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Baseball and the Bull Market (March 17, 1999)

I talked with my neighbor, Jeff, today about the impending baseball season. He knows I’m an avid sports fan and figured I could help him out with a simple fact: when does baseball season start?

Jeff is a cattle rancher. He spends a good deal of his time on horseback, chasing and rounding up cattle around the hills where we live. This gives him plenty of time to think. He’s been doing this for the “better” part of his life. Most cattlemen I’ve met love doing what they do and wouldn’t trade jobs with anyone. Even though it doesn’t always pay the best financially, it seems to be worth its weight in gold psychologically.

Cattlemen come across as being a mostly contented breed, except when it comes to money. They don’t like talking about how many head they have in the herd, and they’re always complaining about the price of beef. I guess it’s because of this evasiveness and shrewdness that cowboys make good poker players. They tend to keep their hand well hidden until it’s time to cash in. There’s always speculation and uncertainty lurking in the air on any given day. The price of cattle fluctuates as wildly as the steers and heifers grazing on the hillsides. The cattleman has to time his roundup and when to send his herd off to “fat city” (the feed lot) with the ever-changing market.

My neighbor may have inadvertently tipped his hand today when he mentioned the relation between the beginning of baseball season and the bull market. Now, I’m not talking about the bull market as opposed to a bear market describing the climate of the stock market. I’m talking about the “bull” market, about those big four-legged creatures with huge gonads hanging down between their legs. The animal that spends most of its life roaming around a herd of cows doing what comes natural all day, every day: inseminating the cows.

But there comes a time in every bull’s life when he just can’t get it up like he used to be able to, and the rancher has no choice but to replace the old boy with a younger, more virile bull. So what becomes of these over-the-hill breeding machines? My neighbor, Jeff, has a theory on this subject.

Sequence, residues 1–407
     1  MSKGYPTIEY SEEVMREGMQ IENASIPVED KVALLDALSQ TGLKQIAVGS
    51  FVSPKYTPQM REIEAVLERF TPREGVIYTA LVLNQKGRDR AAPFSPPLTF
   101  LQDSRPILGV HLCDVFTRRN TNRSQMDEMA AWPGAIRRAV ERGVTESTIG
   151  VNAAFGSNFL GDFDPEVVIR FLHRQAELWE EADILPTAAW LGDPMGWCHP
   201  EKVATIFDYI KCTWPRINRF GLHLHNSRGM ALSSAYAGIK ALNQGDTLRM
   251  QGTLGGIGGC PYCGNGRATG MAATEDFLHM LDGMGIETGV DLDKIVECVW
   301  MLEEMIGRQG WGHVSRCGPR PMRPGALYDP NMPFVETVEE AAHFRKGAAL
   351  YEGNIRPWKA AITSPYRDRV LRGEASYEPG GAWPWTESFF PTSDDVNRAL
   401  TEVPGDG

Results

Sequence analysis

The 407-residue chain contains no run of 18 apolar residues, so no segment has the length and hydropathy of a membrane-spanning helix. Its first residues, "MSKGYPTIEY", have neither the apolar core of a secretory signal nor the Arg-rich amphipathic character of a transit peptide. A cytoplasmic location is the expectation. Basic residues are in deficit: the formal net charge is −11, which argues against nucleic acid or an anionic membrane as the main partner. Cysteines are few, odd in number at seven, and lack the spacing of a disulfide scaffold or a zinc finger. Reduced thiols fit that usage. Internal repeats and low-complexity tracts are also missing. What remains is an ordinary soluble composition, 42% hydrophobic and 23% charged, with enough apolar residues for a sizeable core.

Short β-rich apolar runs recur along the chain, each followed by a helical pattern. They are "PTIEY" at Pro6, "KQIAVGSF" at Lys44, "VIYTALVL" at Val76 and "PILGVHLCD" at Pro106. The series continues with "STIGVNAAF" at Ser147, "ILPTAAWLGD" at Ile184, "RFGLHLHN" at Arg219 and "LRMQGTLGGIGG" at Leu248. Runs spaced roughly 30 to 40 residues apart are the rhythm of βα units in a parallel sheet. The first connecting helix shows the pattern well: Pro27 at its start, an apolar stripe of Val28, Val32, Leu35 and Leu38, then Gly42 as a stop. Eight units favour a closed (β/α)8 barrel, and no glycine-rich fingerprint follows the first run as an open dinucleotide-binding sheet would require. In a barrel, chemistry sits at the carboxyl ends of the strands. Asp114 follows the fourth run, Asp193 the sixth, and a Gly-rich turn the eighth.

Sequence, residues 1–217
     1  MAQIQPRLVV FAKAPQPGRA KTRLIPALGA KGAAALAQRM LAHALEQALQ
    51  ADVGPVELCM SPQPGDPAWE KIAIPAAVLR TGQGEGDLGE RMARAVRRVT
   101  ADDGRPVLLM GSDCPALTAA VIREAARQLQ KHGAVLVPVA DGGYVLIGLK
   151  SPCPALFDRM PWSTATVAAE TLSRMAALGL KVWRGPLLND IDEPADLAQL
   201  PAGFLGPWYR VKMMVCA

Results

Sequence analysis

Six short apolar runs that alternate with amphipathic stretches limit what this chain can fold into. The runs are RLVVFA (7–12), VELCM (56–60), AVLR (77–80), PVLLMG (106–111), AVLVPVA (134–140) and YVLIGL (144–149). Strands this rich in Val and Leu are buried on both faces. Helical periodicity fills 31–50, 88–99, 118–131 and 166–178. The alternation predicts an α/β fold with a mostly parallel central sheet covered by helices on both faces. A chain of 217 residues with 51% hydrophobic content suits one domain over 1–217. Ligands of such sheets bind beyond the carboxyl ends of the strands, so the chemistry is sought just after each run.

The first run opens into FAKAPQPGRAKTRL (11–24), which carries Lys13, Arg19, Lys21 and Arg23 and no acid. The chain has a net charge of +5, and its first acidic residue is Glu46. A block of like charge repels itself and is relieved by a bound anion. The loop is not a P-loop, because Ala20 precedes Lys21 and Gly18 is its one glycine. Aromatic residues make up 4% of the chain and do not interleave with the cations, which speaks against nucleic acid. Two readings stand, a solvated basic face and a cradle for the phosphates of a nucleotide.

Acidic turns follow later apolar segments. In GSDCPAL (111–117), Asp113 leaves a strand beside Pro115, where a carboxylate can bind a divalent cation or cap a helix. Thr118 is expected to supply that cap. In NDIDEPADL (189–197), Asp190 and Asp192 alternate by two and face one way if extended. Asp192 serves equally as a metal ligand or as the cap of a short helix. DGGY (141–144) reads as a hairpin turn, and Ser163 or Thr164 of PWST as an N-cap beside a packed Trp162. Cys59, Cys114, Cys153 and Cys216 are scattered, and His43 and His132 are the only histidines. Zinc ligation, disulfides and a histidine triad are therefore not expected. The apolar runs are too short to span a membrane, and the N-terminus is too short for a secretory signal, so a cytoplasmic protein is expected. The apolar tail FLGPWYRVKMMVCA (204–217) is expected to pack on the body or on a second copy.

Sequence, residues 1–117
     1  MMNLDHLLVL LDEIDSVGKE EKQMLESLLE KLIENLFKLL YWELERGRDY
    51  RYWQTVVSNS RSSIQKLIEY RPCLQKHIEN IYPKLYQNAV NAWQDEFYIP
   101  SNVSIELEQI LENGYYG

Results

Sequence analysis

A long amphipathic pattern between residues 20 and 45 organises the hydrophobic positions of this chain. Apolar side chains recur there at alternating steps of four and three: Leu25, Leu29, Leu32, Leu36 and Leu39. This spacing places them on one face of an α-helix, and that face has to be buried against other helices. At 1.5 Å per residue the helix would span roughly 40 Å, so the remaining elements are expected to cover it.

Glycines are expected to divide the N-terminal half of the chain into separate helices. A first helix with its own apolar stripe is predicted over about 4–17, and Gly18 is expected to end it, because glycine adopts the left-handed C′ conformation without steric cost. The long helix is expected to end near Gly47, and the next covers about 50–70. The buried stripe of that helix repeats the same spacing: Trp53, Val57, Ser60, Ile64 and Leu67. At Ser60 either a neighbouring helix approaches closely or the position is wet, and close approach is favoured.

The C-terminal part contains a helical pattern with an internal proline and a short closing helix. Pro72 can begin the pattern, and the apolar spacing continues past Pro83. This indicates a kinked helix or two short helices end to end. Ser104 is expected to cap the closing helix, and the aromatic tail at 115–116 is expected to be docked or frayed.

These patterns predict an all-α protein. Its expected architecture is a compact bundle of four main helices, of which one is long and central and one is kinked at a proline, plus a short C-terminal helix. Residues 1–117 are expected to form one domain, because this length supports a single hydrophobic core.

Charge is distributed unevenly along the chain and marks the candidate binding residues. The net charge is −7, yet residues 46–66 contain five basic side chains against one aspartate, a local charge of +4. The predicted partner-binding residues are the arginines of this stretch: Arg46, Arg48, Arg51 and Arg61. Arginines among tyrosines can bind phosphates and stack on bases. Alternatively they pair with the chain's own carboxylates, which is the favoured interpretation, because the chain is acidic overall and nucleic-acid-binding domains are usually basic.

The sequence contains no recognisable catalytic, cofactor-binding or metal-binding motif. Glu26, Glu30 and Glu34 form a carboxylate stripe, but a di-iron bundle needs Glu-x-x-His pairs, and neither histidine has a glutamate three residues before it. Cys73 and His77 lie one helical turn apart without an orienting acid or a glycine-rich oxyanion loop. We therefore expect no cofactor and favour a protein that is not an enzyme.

Being a cattleman his entire life, Jeff has watched the livestock market with more than passing interest for many years. Over the years he has noticed that the price of bulls seems to go up considerably about a week before the professional baseball season begins. Since the meat on an old bull is too tough and rangy to be sold as regular market beef, Jeff figures there is a direct correlation with the increase in price to the start of the baseball season. The way he figures it, the meat from bulls is destined to become that favorite food of the baseball fan: hot dogs! With market bulls weighing between 1200 and 1800 pounds each, you can figure on quite a few “tube steaks” out of one of those suckers.

After last season’s home-run-derby-slugfest between Mark McGwire and Sammy Sosa, the fans are sure to come out in droves for an encore performance. So the bull market should be stronger this year than it’s been for some time. I think I’ll get in on some of the action by investing my life savings in bull futures. In my case, this means throwing all the empty beer and soda-pop bottles and cans that I have stashed in barrels behind the house, into the back of my pickup truck, then hauling them down to the recycle center to turn them into a surely considerable sum of cash. From there I’ll head straight for the nearest stock broker and plop the whole wad down on bull futures.

I can hardly wait to get out to the old ballpark so I can buy a couple hot dogs smothered in mustard and onions to help increase my earnings on the bull market. This new revelation puts a whole new flavor on the old adage, “Full of Bull.” See ya at the ballpark.

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